Few people in America today live with the dangers and deprivations that Appalachian coal mining families experience. But to the eighteen West Virginia women Carol Giesen interviewed for this book, hard times are just everyday life.
These coal miners' wives, ranging in age from late teens to eighty-five, tell of a way of life dominated by coal mining -- and shadowed by a constant fear of death or injury to a loved one. From birth to old age, they experience the social and economic pressures of the coal mining industry. Few families in these communities earn their living in any job outside a coal mine, and most young men and women find no advantage in completing their education.
Women whose stresses and strengths have seldom been disclosed reveal here their personal stories, their understanding of the dangers of coal mining, their domestic concerns, the place of friends and faith in their lives, and their expectations of the future.
What emerges is a deeply moving story of determination in the face of adversity. Over and over, these women deal with the frustrations caused by strikes, layoffs, and mine closings, often taking any jobs they can find while their husbands are out of work. Endlessly; their home concerns revolve around protecting their husbands from additional work or worry. Always there is fear for their husbands' lives and the pervasive anger they feel toward the mining companies. For some, there is also the pain of losing a loved one to the mines. Behind these women's acceptance of their circumstances lies a pragmatic understanding of the politics of mining and of the communities in which they live.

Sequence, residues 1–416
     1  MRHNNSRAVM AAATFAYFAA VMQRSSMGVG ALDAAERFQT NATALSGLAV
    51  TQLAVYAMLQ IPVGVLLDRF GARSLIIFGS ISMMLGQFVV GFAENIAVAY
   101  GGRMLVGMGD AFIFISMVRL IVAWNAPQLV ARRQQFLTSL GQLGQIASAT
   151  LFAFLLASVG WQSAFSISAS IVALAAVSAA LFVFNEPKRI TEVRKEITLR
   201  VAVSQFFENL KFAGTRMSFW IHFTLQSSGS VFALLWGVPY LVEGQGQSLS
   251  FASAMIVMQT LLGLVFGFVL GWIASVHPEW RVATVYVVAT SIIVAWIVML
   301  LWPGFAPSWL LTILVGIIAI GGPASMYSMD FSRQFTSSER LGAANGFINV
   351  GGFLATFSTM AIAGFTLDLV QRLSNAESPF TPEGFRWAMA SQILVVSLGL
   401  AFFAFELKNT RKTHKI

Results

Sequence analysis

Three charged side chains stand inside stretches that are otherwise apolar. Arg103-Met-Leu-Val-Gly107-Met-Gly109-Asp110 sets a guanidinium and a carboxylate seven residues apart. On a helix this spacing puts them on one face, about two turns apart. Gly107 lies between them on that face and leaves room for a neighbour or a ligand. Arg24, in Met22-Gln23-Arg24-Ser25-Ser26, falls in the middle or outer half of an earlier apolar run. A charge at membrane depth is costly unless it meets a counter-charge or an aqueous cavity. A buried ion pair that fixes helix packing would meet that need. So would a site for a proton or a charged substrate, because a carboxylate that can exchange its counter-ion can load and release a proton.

Giesen's insights into the experiences of miners' wives contribute much to our understanding of the impact of industry, economics, and politics on women's lives.